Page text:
Viewed – 08 February 2014 Blu-ray
20th Anniversary Edition
I remember seeing a trailer to this way back when and going fairly blindly to see it in the cinema. Me and a friend of mine were blown away by it, and it quickly became one of our all time favourite movies. The story of twelve year old Mathilda (a brilliant debut from Natalie Portman) who in the aftermath of her family being wiped out takes refuge in the company of the shy, illiterate hitman who lives down the corridor (Jean Reno) … a friendship blossoms and soon she’s hatching a plot to take revenge. Gary Oldman is a corrupt DEA agent who cracks pills between his teeth and listens to Beethoven whilst killing people who rip him off – and orchestrating all this with finesse and skill is French new-wave director Luc Besson (Nikita, The Fifth Element) to a soundtrack by Eric Serra.
This is a movie that has it all, great performances from the street-wise but naive Portman all cocky but falling apart at the seams, to Reno’s subtle and convincing portrayal of a child in a man’s body who just happens to know how to kill. Then there is Oldman, in possibly his craziest but most memorable role (get me eeeeeeeeeeverybody!!!) as well as a very good supporting turn by Danny Aiello. Then there is Besson … arguably his finest movie, with such poetic, ice-cool camera work enhanced by an amazing soundtrack and moments of slick action executed with the utmost style and panache. This may not be an action-heavy movie (it really only has two scenes here) but the tension that builds up, and the great performances throughout, peppered with well judged humour and such emotion … this is one of the few movies I would genuinely call a masterpiece.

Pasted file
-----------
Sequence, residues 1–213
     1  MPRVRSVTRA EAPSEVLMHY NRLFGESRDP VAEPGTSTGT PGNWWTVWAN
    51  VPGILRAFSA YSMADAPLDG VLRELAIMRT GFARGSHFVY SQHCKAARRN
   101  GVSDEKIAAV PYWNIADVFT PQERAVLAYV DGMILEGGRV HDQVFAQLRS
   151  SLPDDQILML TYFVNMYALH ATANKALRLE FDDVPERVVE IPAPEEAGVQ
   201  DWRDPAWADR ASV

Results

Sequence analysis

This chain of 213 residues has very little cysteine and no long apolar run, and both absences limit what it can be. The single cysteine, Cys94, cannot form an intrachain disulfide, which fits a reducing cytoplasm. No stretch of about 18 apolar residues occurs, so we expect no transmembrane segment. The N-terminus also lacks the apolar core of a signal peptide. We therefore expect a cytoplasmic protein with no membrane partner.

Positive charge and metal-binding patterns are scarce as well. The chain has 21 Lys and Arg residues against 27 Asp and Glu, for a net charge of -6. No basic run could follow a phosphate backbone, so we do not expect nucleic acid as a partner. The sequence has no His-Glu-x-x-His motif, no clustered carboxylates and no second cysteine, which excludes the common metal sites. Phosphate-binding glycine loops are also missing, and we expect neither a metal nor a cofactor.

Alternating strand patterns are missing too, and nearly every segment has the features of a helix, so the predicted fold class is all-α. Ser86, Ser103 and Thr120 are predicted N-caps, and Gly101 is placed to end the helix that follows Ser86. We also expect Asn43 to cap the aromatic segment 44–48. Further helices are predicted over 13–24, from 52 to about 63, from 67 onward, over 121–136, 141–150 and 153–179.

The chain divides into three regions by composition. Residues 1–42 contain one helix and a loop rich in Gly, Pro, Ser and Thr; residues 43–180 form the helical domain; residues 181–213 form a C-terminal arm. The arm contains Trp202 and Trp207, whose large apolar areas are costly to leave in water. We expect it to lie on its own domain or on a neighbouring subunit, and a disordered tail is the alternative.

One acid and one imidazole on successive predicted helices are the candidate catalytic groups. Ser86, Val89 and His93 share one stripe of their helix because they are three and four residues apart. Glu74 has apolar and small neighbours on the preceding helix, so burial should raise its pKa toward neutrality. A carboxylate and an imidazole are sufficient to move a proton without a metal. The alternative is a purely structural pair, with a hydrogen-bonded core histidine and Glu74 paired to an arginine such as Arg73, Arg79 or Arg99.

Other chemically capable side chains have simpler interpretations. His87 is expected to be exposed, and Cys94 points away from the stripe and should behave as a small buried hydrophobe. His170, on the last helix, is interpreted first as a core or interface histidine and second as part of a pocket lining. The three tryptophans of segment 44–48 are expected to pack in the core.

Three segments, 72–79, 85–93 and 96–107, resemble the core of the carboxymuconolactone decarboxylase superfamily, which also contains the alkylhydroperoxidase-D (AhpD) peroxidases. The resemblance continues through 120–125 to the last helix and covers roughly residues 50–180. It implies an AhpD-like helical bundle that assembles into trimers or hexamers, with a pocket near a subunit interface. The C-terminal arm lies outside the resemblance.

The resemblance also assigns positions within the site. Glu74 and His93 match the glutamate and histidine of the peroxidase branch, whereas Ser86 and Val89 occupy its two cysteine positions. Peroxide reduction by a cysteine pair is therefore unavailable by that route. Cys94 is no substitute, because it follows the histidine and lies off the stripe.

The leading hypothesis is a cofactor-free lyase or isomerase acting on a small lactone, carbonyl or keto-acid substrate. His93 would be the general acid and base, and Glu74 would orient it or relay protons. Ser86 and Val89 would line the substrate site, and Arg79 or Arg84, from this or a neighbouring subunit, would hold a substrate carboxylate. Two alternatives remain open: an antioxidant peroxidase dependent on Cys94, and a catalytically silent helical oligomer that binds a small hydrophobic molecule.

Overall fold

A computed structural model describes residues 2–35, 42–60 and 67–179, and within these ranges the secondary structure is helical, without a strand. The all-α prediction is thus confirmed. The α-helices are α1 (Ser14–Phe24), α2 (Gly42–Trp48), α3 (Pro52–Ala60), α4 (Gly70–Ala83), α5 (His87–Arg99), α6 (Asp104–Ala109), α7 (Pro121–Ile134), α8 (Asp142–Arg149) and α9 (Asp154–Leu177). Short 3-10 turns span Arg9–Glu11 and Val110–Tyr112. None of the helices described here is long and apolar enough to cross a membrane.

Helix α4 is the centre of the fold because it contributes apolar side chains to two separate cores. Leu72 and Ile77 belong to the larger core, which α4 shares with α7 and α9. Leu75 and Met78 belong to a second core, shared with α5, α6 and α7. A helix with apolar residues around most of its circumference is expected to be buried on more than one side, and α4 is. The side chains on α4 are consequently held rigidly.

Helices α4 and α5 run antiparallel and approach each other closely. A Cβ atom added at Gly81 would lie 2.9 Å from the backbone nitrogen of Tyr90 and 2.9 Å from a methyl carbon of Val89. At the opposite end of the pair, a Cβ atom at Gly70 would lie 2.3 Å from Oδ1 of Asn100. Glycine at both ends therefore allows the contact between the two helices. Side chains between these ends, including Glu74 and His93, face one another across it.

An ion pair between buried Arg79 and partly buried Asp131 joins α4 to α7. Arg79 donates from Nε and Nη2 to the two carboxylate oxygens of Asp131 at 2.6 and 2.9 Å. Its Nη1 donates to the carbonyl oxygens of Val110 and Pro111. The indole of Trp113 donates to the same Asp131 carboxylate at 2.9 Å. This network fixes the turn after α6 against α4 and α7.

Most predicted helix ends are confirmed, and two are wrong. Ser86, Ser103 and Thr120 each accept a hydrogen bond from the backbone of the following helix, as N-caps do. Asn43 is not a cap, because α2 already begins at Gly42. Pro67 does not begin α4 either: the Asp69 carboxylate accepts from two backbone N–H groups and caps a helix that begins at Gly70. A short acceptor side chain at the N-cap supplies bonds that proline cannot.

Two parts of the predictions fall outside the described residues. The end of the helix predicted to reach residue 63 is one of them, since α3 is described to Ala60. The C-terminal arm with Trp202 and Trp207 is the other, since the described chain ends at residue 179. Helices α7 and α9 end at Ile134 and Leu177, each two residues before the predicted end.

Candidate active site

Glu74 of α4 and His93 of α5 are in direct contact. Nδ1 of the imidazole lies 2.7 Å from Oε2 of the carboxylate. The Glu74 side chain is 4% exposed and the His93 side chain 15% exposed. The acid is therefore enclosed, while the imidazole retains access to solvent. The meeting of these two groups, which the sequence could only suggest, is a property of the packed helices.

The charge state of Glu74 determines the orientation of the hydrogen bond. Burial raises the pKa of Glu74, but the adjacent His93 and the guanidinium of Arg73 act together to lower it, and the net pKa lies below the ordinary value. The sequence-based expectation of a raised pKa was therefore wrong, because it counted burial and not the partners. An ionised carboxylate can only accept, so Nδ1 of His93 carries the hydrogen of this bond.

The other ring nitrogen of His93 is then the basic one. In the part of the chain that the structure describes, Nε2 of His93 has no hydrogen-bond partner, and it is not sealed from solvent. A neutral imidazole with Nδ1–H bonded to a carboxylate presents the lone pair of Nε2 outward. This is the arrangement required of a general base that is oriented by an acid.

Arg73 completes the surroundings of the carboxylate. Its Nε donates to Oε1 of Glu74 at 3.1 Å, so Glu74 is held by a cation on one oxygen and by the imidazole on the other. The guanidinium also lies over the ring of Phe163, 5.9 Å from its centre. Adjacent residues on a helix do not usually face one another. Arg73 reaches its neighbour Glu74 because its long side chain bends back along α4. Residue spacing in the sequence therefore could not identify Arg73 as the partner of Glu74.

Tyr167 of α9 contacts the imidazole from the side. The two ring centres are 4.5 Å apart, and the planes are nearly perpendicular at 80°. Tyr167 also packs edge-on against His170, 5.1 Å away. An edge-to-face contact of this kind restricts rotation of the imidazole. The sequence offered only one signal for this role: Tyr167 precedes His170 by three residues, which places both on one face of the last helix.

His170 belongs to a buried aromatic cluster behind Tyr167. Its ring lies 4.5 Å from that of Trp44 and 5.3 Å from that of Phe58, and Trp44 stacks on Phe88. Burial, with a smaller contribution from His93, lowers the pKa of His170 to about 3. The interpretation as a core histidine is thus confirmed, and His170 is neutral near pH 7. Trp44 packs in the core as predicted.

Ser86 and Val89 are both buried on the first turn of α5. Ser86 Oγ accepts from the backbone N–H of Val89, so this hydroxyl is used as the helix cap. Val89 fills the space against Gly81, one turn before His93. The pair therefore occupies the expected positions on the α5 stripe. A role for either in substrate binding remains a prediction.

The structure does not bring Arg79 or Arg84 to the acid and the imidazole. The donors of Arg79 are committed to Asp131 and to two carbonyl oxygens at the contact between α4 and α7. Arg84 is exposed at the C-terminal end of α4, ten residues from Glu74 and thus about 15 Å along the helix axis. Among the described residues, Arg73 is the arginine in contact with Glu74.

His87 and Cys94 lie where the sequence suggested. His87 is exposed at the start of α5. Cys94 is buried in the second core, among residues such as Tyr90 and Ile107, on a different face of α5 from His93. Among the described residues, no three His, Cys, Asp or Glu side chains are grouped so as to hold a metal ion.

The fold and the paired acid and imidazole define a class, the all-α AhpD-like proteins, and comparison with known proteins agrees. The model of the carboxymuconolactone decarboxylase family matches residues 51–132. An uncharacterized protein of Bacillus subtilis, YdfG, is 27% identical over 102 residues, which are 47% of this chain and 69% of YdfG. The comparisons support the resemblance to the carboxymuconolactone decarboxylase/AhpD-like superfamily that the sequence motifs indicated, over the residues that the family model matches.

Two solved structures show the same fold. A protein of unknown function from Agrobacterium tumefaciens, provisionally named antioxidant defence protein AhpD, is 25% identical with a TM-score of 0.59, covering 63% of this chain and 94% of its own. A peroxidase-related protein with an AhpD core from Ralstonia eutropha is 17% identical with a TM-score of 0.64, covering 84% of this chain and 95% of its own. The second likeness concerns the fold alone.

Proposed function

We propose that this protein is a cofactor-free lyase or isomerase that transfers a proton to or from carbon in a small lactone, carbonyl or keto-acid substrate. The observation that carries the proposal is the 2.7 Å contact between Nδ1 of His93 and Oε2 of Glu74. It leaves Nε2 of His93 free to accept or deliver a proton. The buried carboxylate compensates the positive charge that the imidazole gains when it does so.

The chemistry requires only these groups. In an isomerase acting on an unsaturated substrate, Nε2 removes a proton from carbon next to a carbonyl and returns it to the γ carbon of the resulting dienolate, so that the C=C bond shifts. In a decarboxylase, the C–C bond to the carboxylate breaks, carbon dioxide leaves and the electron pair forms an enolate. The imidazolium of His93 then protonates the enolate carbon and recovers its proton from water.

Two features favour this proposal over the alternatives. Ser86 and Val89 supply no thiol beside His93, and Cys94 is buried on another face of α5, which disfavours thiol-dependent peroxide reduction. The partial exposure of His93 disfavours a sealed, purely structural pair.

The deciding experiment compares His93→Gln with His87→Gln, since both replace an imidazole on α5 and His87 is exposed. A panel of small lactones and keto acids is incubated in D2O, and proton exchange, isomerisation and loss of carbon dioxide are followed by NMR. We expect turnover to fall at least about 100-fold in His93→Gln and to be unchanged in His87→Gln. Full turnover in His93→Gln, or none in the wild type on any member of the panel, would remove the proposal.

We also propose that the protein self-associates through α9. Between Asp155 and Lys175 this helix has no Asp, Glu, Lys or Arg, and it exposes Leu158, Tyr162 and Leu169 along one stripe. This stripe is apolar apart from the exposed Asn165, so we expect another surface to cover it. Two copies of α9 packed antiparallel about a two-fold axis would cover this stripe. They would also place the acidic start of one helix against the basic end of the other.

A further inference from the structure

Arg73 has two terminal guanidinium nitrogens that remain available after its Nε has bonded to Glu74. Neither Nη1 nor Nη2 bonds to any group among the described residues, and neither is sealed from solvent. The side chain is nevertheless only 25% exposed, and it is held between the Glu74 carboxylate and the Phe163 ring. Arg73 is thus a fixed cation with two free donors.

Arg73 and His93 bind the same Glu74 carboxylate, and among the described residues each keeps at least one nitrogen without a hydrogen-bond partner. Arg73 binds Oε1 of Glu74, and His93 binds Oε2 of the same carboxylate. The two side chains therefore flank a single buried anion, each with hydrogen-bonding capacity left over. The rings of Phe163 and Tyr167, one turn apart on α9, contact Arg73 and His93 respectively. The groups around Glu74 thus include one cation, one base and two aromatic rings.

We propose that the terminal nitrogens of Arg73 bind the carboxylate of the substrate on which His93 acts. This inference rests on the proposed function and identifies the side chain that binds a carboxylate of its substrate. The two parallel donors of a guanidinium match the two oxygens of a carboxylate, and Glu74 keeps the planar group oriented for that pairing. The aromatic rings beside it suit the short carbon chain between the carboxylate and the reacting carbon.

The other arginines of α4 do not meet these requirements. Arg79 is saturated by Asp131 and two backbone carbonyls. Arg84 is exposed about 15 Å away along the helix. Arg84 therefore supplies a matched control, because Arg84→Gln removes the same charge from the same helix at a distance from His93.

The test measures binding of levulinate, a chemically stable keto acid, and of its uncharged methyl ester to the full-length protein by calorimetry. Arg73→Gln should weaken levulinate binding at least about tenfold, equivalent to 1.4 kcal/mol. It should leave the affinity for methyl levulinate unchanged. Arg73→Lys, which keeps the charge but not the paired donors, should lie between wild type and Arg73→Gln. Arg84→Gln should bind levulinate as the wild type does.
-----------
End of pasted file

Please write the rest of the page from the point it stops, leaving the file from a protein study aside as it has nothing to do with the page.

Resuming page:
This 20th Anniversary Edition by Studio Canal boasts a decent HD image quality that has some vibrant colour and good detail, especially in close-ups. Softness rears its head in places but overall this is a very pleasing presentation. For this movie too the 5.1 DTS Master Audio Soundtrack is excellent with a really immersive soundstage and great clarity throughout. The Blu-ray houses both cuts of the movie and although I chose to watch the tighter Theatrical Version, I would recommend fans check out the extended Director’s Cut for such extra scenes like Mathilda’s Russian roulette scene, the extra hits that Leon takes Mathilda on and a few more moments of Mathilda’s inappropriate advances towards her hitman friend (!). Extras however are poor, with just two interviews and a noticeably absent Besson, Oldman or Portman with no commentary, something Besson never does anyway – so no big shock there.
(the movie) 5 /5
(the Blu-ray) 3.5 /5